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Going by intuition, a forward price should already take into account the drift in the underlying price process. Further, assuming interest rates are deterministic, the stochasticity in the forward price process comes solely from the underlying price process. That much I can intuitively accept. But what about the drift component of the forward price process? Is it non-zero and does the choice of measure (risk-neutral, forward, real-world) influence its presence and magnitude?

Another issue I cannot reconcile is that I've read that all tradable securities under the risk-neutral measure must have a drift component the same as the risk-free interest rate. A forward contract is surely a tradable security?

Please excuse my confusion and possible bludgeoning of different concepts.

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I will formalize my answer later. But one thing you will have to know is that the price of a forward contract will be a martingale under t forward measure, meaning the drift term is 0. This is not true under other measures. So the drift of the process depends on the measure you use to price the contract.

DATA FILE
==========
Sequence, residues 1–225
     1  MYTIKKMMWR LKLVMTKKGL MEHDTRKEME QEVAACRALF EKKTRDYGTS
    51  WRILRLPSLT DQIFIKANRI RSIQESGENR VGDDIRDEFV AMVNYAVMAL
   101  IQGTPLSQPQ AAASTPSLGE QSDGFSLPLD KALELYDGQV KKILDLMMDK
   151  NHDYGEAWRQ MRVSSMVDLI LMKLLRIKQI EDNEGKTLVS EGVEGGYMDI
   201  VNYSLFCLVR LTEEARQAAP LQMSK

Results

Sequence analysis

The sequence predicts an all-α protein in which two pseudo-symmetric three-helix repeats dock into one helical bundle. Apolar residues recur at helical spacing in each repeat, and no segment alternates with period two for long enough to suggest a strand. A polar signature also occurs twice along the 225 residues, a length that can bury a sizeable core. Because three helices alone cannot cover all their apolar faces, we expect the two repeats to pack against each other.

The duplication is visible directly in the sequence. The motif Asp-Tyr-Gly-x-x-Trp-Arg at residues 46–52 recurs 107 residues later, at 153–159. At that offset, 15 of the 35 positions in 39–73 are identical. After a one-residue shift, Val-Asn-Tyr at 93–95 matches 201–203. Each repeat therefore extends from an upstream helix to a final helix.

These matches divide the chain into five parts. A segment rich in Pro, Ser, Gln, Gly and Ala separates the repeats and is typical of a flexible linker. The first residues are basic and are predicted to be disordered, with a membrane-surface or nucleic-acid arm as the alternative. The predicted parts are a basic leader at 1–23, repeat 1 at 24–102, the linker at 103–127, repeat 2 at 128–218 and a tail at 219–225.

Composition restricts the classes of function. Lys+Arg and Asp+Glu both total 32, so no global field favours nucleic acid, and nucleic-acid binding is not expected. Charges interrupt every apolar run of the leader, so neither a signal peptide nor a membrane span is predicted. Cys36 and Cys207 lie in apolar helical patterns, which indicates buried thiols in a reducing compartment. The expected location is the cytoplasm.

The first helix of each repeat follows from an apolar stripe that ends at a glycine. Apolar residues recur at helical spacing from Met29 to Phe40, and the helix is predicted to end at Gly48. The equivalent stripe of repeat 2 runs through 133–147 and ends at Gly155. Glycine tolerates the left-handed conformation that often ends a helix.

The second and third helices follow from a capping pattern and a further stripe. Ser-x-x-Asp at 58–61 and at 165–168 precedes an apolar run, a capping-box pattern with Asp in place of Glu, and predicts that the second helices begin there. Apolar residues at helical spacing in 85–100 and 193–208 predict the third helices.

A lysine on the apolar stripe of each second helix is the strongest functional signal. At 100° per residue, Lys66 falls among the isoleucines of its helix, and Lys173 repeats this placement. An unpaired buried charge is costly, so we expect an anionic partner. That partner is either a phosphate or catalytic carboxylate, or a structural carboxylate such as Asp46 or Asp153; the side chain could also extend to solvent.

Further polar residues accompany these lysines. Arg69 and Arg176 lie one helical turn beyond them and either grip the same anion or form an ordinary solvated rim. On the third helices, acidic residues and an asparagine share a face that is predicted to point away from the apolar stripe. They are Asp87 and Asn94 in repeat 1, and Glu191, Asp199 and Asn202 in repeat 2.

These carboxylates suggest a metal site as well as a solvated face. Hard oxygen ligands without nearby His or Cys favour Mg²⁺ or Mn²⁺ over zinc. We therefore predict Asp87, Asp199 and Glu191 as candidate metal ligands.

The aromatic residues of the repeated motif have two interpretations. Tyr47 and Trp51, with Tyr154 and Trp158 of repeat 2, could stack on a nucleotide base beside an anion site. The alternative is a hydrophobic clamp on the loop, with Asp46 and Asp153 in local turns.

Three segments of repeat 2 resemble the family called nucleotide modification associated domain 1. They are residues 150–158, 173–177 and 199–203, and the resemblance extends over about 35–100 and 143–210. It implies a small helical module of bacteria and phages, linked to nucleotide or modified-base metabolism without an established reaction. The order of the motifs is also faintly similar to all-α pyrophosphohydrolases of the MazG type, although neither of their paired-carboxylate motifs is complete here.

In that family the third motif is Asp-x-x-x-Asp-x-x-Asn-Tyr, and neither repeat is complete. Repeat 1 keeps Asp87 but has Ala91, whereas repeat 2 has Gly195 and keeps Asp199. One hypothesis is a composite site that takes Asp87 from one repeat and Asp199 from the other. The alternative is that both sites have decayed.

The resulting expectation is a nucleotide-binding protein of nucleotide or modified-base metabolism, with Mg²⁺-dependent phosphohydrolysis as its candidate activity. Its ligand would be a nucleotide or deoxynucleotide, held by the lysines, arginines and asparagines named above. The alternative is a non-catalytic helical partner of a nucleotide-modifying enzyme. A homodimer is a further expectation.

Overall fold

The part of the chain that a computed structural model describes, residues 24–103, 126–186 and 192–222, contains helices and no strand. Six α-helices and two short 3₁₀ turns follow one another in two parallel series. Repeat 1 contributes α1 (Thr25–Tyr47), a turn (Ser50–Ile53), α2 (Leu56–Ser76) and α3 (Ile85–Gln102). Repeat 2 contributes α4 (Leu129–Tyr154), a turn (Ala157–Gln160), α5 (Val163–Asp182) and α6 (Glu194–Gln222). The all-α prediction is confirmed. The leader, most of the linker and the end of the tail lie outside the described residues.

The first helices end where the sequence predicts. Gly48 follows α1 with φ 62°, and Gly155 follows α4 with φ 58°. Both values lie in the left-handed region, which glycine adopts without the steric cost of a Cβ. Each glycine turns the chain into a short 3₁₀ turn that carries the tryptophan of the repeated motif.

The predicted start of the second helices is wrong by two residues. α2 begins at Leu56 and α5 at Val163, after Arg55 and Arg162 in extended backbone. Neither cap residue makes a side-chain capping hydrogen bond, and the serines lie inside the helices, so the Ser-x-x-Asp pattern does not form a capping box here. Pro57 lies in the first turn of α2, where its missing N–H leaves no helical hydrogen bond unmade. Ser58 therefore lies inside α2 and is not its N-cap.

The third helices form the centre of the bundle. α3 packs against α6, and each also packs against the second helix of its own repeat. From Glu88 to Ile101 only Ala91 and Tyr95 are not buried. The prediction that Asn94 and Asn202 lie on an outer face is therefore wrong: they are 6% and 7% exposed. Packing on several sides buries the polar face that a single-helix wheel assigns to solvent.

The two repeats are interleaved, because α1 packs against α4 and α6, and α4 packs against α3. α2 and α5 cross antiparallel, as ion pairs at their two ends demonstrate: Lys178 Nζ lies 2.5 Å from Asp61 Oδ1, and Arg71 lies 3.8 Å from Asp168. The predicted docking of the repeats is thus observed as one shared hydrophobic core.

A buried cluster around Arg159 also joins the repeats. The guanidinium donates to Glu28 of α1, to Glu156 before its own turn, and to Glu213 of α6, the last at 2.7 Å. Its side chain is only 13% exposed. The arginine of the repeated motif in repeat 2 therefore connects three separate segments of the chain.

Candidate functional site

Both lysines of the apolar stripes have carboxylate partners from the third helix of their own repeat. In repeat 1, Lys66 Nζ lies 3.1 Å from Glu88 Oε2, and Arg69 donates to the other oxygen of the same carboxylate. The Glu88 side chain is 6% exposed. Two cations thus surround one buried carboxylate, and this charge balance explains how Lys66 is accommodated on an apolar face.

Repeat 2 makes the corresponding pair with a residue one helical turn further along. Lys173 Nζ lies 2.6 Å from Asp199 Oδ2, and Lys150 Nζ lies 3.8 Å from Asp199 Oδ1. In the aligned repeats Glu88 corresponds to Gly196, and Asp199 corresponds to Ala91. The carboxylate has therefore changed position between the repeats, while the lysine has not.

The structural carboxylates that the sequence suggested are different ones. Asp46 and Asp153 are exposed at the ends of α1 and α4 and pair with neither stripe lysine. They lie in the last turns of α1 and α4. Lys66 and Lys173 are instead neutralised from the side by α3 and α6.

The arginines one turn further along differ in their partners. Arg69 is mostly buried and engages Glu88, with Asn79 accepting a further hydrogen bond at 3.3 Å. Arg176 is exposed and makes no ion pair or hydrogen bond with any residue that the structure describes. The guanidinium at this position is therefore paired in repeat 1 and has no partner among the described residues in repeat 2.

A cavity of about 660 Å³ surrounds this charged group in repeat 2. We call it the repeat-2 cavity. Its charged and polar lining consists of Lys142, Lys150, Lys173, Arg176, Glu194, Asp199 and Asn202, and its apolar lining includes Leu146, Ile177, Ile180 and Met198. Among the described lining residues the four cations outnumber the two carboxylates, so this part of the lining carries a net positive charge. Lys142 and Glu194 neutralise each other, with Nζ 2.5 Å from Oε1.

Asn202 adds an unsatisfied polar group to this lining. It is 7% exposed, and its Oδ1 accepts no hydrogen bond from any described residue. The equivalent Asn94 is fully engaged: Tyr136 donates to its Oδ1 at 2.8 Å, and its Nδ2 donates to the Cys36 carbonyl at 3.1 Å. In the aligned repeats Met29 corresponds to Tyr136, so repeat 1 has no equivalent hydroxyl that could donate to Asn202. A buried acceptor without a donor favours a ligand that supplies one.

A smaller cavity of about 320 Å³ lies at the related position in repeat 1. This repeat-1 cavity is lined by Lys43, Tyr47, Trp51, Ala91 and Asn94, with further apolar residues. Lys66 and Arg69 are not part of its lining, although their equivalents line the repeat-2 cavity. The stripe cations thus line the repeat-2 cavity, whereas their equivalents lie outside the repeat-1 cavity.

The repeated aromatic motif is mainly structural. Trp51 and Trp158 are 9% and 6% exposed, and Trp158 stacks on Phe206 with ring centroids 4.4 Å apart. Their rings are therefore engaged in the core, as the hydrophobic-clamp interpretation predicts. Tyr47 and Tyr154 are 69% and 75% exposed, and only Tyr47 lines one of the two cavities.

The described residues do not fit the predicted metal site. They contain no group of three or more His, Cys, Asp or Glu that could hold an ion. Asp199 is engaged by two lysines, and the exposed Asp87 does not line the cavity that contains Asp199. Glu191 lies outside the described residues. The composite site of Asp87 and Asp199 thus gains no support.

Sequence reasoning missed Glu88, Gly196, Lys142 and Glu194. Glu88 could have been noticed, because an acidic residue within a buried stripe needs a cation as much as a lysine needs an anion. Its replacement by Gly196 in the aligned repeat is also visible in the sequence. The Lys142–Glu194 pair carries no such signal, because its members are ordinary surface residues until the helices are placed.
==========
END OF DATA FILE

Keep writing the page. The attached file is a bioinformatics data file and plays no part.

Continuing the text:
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  • $\begingroup$ Does it have drift r under risk-neutral measure? $\endgroup$ – JohnC Mar 19 '15 at 15:35
  • $\begingroup$ By change of measure, you can always transform the drift component of a forward contract to anything you want. $\endgroup$ – SmallChess Mar 19 '15 at 23:37
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It the value of the forward contract and not the forward price that has drift r under the risk-neutral measure. In fact, in the simplest case where the risk-free interest rate is a constant r, then the forward price process f(t,T) has zero drift under the risk-neutral measure: If the spot price process satisfies dS(t)=S(t)(rdt+bdW(t)), then dF(t,T)=bF(t,T)dW(t).

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